2020 Study Summary 3: Come and Partake of the Fruit | Israel Revealed

2020 Study Summary 3: Come and Partake of the Fruit

1 Nephi 8–10

“Come and Partake of the Fruit”

Lehi sees a vision of the tree of life—He partakes of its fruit and desires his family to do likewise—He sees a rod of iron, a strait and narrow path, and the mists of darkness that enshroud men—Sariah, Nephi, and Sam partake of the fruit, but Laman and Lemuel refuse. About 600–592 B.C.

Nephi makes two sets of records—Each is called the plates of Nephi—The larger plates contain a secular history; the smaller ones deal primarily with sacred things. About 600–592 B.C.

Lehi predicts that the Jews will be taken captive by the Babylonians—He tells of the coming among the Jews of a Messiah, a Savior, a Redeemer—Lehi tells also of the coming of the one who should baptize the Lamb of God—Lehi tells of the death and resurrection of the Messiah—He compares the scattering and gathering of Israel to an olive tree—Nephi speaks of the Son of God, of the gift of the Holy Ghost, and of the need for righteousness. About 600–592 B.C.

How does God use dreams?
Dreams are one of the means God has of communicating with his children. Some of them, the Prophets, have the responsibility of teaching us what those dreams mean. “Dreams have fascinated people through the ages. The Biblical view was that dreams are divine communication — events transpiring on a supernatural plane. Thus, dreams were regarded as omens, which could be interpreted only by visionaries or prophets, who were in touch with this ‘divine dimension.’ In the Bible, ‘dreamer,’ ‘prophet,’ and ‘magician’ are related terms.” (Encyclopedia Judaica Jr.) The Biblical accounts of Joseph and Daniel have a great basis in dreams, some irritated family or friends and others brought redemption for people as well as condemnation of people in the lands where they lived.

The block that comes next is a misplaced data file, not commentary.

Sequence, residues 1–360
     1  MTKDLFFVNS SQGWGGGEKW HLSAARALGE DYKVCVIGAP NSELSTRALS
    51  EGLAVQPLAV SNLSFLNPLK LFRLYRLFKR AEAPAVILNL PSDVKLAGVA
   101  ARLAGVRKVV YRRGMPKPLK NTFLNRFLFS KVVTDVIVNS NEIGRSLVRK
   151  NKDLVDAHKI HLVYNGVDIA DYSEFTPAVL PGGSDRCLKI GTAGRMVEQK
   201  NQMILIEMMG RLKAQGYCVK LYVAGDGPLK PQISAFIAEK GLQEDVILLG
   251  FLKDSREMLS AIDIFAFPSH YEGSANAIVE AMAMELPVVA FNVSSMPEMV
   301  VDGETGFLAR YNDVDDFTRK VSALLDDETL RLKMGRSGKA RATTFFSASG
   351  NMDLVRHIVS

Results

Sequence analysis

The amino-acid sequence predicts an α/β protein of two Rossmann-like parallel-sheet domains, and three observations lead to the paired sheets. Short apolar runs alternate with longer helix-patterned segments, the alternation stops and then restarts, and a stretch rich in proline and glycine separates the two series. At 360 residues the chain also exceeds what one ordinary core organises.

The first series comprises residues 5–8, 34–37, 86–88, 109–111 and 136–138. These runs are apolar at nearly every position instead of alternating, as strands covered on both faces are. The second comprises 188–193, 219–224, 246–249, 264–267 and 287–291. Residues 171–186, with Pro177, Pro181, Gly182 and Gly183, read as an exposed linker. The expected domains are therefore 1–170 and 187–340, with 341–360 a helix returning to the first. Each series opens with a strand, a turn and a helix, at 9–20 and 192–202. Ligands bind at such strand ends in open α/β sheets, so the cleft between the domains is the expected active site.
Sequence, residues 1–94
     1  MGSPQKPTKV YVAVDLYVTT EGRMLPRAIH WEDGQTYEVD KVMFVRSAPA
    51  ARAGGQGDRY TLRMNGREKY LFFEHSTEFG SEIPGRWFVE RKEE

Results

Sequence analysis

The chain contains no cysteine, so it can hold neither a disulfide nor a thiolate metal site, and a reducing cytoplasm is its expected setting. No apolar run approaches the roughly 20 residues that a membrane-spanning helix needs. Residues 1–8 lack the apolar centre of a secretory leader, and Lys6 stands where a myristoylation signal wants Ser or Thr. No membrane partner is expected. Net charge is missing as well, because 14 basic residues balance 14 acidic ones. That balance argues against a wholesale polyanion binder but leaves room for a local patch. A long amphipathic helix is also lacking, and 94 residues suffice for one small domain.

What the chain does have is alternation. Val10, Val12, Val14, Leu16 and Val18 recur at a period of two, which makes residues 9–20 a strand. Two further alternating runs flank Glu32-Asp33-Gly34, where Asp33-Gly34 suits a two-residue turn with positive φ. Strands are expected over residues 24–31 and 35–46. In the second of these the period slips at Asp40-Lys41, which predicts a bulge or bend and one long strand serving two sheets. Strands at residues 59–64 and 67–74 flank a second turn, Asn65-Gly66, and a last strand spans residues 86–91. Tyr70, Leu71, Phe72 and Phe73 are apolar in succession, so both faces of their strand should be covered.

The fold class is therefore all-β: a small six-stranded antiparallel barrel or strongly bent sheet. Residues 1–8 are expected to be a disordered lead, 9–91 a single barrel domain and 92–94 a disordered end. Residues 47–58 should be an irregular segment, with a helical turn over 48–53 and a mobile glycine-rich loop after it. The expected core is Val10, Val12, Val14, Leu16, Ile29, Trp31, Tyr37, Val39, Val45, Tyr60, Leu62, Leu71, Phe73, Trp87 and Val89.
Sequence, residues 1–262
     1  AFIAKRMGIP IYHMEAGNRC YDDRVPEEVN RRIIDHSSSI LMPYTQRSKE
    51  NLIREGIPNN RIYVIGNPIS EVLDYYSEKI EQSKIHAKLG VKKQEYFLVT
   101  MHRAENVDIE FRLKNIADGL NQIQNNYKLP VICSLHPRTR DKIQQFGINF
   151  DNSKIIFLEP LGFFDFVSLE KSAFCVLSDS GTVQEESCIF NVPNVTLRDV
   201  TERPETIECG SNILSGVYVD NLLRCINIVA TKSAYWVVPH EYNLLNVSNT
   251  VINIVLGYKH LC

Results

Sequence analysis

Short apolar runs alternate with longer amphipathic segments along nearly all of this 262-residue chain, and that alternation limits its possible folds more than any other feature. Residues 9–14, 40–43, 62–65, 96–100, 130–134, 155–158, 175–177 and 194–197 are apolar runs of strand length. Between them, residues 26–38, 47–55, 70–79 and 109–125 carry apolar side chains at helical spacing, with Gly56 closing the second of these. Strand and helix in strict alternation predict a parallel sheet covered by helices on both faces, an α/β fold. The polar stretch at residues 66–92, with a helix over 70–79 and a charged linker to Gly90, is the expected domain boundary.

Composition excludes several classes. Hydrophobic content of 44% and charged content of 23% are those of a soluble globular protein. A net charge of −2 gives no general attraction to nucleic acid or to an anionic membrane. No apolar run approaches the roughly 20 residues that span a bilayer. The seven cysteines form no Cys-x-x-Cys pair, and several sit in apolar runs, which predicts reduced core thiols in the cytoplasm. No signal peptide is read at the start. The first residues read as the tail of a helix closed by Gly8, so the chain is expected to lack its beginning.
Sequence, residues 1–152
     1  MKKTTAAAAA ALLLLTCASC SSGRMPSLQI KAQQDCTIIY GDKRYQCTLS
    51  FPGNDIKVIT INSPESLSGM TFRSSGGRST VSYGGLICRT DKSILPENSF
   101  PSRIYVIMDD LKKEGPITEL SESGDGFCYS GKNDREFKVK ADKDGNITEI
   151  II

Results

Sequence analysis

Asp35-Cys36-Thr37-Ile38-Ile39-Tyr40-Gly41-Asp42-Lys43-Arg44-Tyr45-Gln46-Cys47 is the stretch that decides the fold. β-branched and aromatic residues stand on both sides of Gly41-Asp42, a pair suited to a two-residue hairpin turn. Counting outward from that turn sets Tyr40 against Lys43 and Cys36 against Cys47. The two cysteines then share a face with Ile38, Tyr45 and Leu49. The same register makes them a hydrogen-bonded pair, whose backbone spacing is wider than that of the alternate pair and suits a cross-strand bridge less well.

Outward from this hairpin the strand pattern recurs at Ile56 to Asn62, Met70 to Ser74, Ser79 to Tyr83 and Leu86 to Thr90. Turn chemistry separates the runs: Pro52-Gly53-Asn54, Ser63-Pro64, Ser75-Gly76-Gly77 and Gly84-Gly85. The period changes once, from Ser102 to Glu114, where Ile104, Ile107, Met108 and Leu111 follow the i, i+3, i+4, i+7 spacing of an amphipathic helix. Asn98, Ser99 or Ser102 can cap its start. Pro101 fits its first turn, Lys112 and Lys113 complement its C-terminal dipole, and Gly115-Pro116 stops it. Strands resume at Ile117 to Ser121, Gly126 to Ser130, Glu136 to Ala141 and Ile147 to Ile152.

How are dreams used in the scriptures?
“Joseph was one such interpreter; he explained Pharaoh’s dreams of the fat and thin cows as symbolizing seven years of plenty followed by seven years of hunger (Genesis 41). God’s promise to Abraham about the inheritance of the land of Israel came in a dream (Genesis 15) and Samuel’s first prophecies were stimulated by God’s calling to him in a dream (1 Samuel 1:3).” “Because of his great wisdom and ability to interpret dreams, Daniel rose to positions of responsibility and honor in the court of kings Nebuchadnezzar, Belshazzar and Darius. However, as a Jew, he was constantly tormented by his rivals who denounced him for not worshiping the idols of the land. Daniel’s piety and faith in God always stood firm and despite all dangers, he continued to pray daily in the traditional Jewish way. When, as punishment, his enemies cast him into a lion’s den, he was prepared to sacrifice his life. The next morning when the king same to see Daniel’s fate, he found him calmly reciting.” (Encyclopedia Judaica Jr.)

What is the imagery of the Tree of Life?
“The imagery of the Tree of Life is strong in Jewish culture. On the precious silver plates that I found in the store of a well known Jewish Scribe in the Old City of Jerusalem there is a “tree” with branches, laden with “fruit” with a stream of “water” flowing by. The words on this small sculpture fashioned as a flat square plate come from the Talmud. They recite part of a parable that a tree watered by “living water,” has precious “fruit” that you would bring your children to partake of. “Adam represents all of mankind; the Garden of Eden, the world; the Tree of Life, the Torah; and the serpent, the evil inclination. Just as Adam is placed in the Garden, in the midst of which stands the Tree of Life, so man is placed in the world in order to observe the commandments of the Torah.” (Encyclopedia Judaica Jr.)